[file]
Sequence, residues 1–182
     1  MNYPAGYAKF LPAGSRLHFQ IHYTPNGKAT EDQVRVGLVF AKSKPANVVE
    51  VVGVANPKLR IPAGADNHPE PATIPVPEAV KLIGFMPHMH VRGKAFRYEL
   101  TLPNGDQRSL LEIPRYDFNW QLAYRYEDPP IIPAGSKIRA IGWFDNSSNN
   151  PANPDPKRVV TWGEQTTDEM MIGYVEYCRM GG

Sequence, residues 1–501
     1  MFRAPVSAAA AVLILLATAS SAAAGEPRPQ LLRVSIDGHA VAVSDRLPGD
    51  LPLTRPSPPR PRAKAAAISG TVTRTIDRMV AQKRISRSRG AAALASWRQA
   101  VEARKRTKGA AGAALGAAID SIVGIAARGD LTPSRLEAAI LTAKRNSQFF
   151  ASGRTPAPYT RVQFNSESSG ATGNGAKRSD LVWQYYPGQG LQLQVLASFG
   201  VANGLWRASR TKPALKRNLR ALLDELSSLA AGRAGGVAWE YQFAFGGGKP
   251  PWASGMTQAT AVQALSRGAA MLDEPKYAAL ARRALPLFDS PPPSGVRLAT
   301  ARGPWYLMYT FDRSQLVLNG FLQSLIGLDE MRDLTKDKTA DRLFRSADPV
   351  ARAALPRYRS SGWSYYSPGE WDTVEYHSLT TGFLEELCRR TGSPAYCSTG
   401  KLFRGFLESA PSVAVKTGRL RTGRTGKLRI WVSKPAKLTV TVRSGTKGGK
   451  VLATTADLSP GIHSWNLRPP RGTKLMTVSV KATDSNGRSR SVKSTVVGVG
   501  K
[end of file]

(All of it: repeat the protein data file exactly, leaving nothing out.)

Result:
Sequence, residues 1–182
     1  MNYPAGYAKF LPAGSRLHFQ IHYTPNGKAT EDQVRVGLVF AKSKPANVVE
    51  VVGVANPKLR IPAGADNHPE PATIPVPEAV KLIGFMPHMH VRGKAFRYEL
   101  TLPNGDQRSL LEIPRYDFNW QLAYRYEDPP IIPAGSKIRA IGWFDNSSNN
   151  PANPDPKRVV TWGEQTTDEM MIGYVEYCRM GG

Sequence, residues 1–501
     1  MFRAPVSAAA AVLILLATAS SAAAGEPRPQ LLRVSIDGHA VAVSDRLPGD
    51  LPLTRPSPPR PRAKAAAISG TVTRTIDRMV AQKRISRSRG AAALASWRQA
   101  VEARKRTKGA AGAALGAAID SIVGIAARGD LTPSRLEAAI LTAKRNSQFF
   151  ASGRTPAPYT RVQFNSESSG ATGNGAKRSD LVWQYYPGQG LQLQVLASFG
   201  VANGLWRASR TKPALKRNLR ALLDELSSLA AGRAGGVAWE YQFAFGGGKP
   251  PWASGMTQAT AVQALSRGAA MLDEPKYAAL ARRALPLFDS PPPSGVRLAT
   301  ARGPWYLMYT FDRSQLVLNG FLQSLIGLDE MRDLTKDKTA DRLFRSADPV
   351  ARAALPRYRS SGWSYYSPGE WDTVEYHSLT TGFLEELCRR TGSPAYCSTG
   401  KLFRGFLESA PSVAVKTGRL RTGRTGKLRI WVSKPAKLTV TVRSGTKGGK
   451  VLATTADLSP GIHSWNLRPP RGTKLMTVSV KATDSNGRSR SVKSTVVGVG
   501  K